Trailing 3-0 midway through the first quarter, the Panthers had a first-and-10 at their own 15-yard line. Cam Newton dropped back and threw a 20-yard strike to Jerricho Cotchery, who made a bobbling catch while being wrapped up and taken down by Broncos safety Darian Stewart. As Cotchery’s right elbow hit the field, the ball shifted position and possibly touched the turf. Cotchery appeared to maintain control, pinning the ball to his body as he rolled over. Officials ruled the catch incomplete, and Carolina coach Ron Rivera quickly challenged the play. He lost because, as Blandino explained on Twitter, “The ball touched the ground and slid up his body. Not enough evidence to change the call on the field.”
For a call to be overturned on review, there must be indisputable visual evidence that the ruling on the field was incorrect. Showtime’s Inside the NFL caught a mic’d up conversation between Rivera and referee Clete Blakeman, who told Rivera that had Cotchery’s catch initially been ruled complete, it wouldn’t have been overturned because there wasn’t strong enough evidence to suggest either a completion or incompletion.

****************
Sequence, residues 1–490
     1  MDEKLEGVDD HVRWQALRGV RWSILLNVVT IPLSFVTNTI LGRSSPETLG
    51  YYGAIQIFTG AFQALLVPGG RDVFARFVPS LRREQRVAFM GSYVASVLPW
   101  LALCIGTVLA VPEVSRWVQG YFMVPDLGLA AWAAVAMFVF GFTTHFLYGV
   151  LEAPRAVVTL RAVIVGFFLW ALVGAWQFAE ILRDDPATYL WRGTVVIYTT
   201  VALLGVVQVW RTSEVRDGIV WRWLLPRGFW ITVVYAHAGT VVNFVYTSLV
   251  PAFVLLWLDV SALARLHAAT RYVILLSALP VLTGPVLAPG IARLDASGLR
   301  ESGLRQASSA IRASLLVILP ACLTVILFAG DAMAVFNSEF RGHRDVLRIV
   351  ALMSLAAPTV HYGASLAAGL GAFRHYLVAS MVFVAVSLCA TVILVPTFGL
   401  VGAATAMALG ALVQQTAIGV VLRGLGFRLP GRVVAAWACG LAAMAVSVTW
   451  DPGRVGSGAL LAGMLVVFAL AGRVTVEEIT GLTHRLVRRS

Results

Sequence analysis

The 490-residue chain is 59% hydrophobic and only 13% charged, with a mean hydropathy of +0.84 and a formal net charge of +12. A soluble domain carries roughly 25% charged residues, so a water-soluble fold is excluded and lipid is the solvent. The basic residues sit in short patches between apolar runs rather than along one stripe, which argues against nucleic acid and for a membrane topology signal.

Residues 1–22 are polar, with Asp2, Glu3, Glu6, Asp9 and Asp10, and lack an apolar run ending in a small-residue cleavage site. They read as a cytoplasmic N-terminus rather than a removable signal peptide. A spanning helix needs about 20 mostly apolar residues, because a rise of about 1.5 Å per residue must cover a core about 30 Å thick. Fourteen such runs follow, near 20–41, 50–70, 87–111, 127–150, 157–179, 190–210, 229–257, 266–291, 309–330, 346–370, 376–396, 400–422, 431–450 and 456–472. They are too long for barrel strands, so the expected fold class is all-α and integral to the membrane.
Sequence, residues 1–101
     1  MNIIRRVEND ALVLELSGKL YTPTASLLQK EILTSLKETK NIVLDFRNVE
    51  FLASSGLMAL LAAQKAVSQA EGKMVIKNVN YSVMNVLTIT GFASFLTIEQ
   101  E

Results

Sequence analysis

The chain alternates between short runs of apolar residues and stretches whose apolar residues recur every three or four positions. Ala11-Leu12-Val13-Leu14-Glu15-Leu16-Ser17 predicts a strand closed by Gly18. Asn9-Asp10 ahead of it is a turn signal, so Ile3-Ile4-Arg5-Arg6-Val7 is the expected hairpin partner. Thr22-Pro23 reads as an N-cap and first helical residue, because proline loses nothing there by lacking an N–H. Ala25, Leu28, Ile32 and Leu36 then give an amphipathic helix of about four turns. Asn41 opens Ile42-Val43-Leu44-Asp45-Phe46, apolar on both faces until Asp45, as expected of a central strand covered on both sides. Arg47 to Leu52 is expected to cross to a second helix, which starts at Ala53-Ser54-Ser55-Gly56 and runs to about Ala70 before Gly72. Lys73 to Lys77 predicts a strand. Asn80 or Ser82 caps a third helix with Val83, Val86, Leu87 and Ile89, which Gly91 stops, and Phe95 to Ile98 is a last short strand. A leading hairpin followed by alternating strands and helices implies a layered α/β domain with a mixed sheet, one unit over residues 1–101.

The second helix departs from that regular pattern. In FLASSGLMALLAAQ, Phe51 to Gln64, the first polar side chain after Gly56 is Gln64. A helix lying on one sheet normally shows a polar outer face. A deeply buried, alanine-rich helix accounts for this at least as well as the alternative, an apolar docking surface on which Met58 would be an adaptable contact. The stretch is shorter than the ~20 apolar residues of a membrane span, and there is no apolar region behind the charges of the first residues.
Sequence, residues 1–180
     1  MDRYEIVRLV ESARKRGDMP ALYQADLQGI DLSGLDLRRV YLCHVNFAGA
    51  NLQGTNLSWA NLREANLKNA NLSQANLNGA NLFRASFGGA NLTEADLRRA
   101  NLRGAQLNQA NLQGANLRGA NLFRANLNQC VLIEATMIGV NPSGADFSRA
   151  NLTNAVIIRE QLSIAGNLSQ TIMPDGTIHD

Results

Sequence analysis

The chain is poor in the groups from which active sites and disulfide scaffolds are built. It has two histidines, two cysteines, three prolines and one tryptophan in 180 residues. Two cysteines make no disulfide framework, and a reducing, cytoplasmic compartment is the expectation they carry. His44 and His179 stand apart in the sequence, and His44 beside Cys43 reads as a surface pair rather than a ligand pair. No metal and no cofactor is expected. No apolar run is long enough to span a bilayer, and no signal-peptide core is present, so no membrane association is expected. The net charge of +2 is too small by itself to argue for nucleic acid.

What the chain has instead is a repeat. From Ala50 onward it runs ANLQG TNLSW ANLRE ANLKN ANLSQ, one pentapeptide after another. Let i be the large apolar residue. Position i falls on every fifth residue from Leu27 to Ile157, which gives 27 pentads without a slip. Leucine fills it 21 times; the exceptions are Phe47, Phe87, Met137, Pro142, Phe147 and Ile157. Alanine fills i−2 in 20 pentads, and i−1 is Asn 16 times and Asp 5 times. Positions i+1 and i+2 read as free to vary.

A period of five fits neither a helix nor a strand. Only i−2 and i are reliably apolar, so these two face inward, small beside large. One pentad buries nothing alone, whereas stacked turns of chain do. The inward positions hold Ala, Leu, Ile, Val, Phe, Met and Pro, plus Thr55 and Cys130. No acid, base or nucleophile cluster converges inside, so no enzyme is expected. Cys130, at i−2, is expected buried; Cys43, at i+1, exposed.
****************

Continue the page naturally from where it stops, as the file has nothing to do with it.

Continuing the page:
“A big percentage of catches that the officials go either way on—whether it is a fumble or a drop—it’s just about interpretation and what the first call was,” says Allen Robinson, the Jacksonville wideout.
Dez Bryant weighed in on Twitter as the moment unfolded:
Come on REFS !! Clear catch!— Dez Bryant (@DezBryant) February 8, 2016
“I still don’t understand how that wasn’t a catch,” says Hawkins, the Browns wideout. “I don’t understand the review process. How are we still messing up, with as many camera angles as we have?”
* * *
Receivers have adapted strategies to avoid making mistakes in the gray areas of the current rule.
“My focus when I catch the ball is making sure it doesn’t move an inch,” Jets receiver Brandon Marshall says. “I think it’s ridiculous, but that’s the rules.”